The day I almost climbed Scotchman Peak.

The hike started off like any normal hike. I parked my truck, made sure I had everything I needed, threw my pack onto my back, and headed up the Scotchman Peak trail. The muscles in my legs protested the steep climb at first but they soon worked themselves out and I was making good time up the hill. The sun was shining and everything seemed to be in bloom! I saw beargrass blooming for the first time and stopped to take some photos. About halfway up, I passed a beautiful meadow full of spring beauties. I was beginning to understand why the Scotchman hike is so popular.

At about 6000 feet, I hit snow. A couple were hiking ahead of me, so I just followed their footprints for a while. It was nice not to have to make my own tracks, as I had on Star Peak. Soon, however, when the snowpack began to get really deep, I met the couple headed back down. They encouraged me to go on and I decided that, if I had come this far, I may as well. So up the mountain I went.

Soon, I reached a break in the trees and saw what I thought was the top of Scotchman Peak. For those of you who have hiked Scotchman before, you’ll know that this is just a false peak and that the top is a bit farther north. When I reached the top of the false peak and was looking towards the actual peak trying to figure out the best way to get over there, I realized I wasn’t alone on the top of Scotchman. I literally jumped, my arms flapping a bit like a gigantic bird. I’m sure I looked absolutely ridiculous to the mountain goat that was staring at me from across the ridge. I had finally met Mr. Monte Scotchman.

Blooming Beargrass
Blooming Beargrass

Monte and I had a rather interesting staring contest as I made my way slowly over toward where he was standing. I quickly realized that he was blocking my path to the true peak of Scotchman. He was not at all afraid of me and was an agreeable model as a took photo after photo of him.

I knew what he was really after, though: food. And salt. He was a hungry goat.

In the back of my mind, I became slightly annoyed with him. He was stopping me from reaching the actually top of Scotchman, and I had been planning on eating my lunch on the peak, but I was now hesitant to do. But I was so excited that I actually got to meet him, the mascot for FSPW.

I took a few more pictures and videos and headed back towards the false peak. I reached my destination and, after deciding that I would eat later on, began debating the easiest course back down the mountain. Suddenly I heard the sound of hooves on rock behind me. Apparently Monte didn’t feel we were done with our conversation.  I took a few more photos of the Scotchman Guard and then headed back down, looking back constantly to make sure that Monte was staying put.

I got below the snow line, ate my lunch, took a nap in a meadow, and then hoofed it back to my pick-up. Even though I hadn’t actually made it to the top of Scotchman’s Peak it had been a great day! I was so excited that I had finally met Monte!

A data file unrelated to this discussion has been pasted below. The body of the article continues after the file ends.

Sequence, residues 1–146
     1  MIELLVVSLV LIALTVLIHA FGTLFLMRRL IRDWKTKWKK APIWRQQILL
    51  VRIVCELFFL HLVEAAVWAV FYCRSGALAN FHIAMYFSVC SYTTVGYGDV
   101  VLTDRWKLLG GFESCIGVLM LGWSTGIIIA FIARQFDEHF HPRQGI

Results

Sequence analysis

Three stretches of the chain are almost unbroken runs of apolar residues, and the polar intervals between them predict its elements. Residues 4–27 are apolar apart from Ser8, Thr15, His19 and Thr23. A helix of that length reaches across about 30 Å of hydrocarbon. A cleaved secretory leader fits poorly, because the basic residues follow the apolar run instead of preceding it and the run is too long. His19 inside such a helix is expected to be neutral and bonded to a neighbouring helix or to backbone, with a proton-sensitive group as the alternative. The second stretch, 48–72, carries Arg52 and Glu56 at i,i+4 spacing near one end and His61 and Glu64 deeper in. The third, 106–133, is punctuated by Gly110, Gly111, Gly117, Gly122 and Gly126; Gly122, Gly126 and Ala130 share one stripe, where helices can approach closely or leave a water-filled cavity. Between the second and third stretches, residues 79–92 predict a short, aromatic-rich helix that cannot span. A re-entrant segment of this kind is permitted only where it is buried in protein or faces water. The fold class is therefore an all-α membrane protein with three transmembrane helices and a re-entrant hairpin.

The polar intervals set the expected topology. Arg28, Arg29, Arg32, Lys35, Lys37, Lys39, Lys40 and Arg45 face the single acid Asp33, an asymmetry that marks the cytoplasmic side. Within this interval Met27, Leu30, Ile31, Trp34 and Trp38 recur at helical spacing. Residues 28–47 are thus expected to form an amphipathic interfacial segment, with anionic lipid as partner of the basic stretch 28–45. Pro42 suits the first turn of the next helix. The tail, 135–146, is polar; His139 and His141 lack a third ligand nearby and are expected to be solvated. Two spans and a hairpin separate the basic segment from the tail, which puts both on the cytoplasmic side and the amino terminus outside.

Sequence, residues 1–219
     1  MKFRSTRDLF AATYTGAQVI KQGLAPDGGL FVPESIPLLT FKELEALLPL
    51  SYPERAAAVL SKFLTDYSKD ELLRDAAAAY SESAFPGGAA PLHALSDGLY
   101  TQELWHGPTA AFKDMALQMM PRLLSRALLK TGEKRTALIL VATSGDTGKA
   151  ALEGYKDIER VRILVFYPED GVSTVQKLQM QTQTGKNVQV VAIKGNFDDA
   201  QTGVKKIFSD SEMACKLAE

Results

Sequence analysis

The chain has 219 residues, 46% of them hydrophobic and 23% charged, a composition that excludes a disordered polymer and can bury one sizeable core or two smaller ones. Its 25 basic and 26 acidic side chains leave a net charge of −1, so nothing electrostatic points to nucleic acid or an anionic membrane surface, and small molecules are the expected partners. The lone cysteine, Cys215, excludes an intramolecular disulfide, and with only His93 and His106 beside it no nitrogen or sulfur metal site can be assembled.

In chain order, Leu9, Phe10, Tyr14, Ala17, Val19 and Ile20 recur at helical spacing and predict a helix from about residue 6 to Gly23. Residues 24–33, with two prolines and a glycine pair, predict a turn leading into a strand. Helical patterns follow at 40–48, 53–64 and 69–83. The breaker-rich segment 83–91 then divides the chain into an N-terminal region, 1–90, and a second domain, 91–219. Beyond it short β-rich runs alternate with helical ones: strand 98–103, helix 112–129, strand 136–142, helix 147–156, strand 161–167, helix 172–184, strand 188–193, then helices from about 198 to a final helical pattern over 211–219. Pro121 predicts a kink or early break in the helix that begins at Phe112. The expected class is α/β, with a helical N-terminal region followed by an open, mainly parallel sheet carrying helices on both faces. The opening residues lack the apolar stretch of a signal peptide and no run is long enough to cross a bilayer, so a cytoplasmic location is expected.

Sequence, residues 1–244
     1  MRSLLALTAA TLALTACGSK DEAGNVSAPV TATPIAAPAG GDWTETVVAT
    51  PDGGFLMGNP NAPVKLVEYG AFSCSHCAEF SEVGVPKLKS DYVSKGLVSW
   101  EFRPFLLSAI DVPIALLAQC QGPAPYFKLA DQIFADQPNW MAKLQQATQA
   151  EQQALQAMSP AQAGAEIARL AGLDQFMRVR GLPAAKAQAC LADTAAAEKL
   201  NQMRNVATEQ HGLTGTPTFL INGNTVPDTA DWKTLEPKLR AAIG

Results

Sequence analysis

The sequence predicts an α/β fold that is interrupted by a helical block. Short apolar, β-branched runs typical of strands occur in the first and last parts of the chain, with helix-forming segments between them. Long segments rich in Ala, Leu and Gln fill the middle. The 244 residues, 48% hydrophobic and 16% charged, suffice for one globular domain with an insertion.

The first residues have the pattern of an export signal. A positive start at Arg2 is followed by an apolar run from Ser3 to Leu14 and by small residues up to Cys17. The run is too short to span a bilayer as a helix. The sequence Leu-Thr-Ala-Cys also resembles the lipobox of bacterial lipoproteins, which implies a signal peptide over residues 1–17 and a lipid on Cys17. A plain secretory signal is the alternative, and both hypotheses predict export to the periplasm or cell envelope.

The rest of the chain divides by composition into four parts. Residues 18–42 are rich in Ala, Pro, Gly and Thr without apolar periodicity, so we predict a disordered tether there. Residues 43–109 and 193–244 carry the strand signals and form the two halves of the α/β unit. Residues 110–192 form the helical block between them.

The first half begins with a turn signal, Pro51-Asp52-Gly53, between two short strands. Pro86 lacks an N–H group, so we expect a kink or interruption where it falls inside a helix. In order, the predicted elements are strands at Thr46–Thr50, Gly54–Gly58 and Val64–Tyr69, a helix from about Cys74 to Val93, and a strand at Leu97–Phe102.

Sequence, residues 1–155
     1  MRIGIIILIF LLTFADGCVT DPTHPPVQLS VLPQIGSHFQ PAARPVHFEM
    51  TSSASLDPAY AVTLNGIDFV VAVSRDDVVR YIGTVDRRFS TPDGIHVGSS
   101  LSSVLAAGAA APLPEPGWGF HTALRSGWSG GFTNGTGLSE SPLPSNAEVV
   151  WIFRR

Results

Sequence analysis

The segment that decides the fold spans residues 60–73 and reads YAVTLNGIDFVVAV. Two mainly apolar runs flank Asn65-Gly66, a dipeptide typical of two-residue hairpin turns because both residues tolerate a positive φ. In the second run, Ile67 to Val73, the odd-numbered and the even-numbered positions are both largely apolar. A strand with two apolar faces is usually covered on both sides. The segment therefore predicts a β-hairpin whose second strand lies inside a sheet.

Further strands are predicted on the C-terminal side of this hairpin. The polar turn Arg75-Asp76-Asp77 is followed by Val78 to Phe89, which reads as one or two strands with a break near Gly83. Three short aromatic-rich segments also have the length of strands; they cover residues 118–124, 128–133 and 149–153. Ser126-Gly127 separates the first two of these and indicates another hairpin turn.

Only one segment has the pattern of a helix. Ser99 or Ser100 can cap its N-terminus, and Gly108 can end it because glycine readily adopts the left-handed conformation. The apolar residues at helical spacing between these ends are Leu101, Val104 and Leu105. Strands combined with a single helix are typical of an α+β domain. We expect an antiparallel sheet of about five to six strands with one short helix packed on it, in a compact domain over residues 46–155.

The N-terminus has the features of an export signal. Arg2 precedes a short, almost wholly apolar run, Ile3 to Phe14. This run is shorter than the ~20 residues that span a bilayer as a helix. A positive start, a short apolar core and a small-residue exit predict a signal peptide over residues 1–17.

The top of Scotchman Peak from the false peak.
The top of Scotchman Peak from the false peak.

Mr. Scotchman is an unusual goat. He’s unusual in the fact that he is probably the most publicized mountain goat in the Northwest. But he is also unusual in the fact that he is very habituated to humans. Habituated means that the animal is very comfortable around people and tolerates them at a close distance. They no longer behave as if they fear humans. They are, however, still wild animals. Monte is a textbook example of a habituated goat. Monte is also food conditioned, which means that he is not only willing to be around people, but is actually attracted to places people live, or camp, or travel because he’s hoping for some food. (Definitions of habituated and food conditioned taken from the BearAware website )

The problem with Monte being habituated and food conditioned is that people forget that he is a wild animal and they’re more inclined to get to close to him or to believe he is “tame” and approachable. Monte is not a pet. He’s a wild animal that sees humans as an easy source of tasty food and salt. So, when you’re hiking Scotchman, or anywhere within mountain goat range, please follow a few simple tips.

• Do not assume that the mountain goat is tame. Respect his personal space and respect his presence as the “king of the mountain.”

King of the Mountain
King of the Mountain

• Do not feed mountain goats (or any other wild animal), as this makes them associate humans with food and sometimes even dependent on humans as a source of food.

• Do not urinate close to the trail. This may seem like an odd one, but mountain goats love salt. They have very little sodium in their diet and have discovered that human urine is a great source of salt. There are reports of mountain goats false charging people when they are relieving themselves on tops of mountains.

• Do not leave your backpack unattended. Mountain goats will chew off the sweaty straps. Mountain goats are pretty stubborn about salt.

Actually mountain goats are pretty stubborn about anything so if they start to approach you, back off. Remember that out in the wilderness, you’re no longer at the top of the food chain. Respect nature, even if it comes in the form of a furry, white mountain goat named Monte.

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  1. I was sure you were going to share your lunch with Monte. Then you’d get him out of the way and you could proceed. As it stands, Monte remains, (at least at this time), King of the mountain.
    But then you went on to list all the reasons one should not feed wild animals in general, Monte specifically. The reasons all make sense. We certainly don’t want to take the ‘wildness’ out of one of nature’s own, replacing it with a dependence on the human appetite! Great story though. Thanks!

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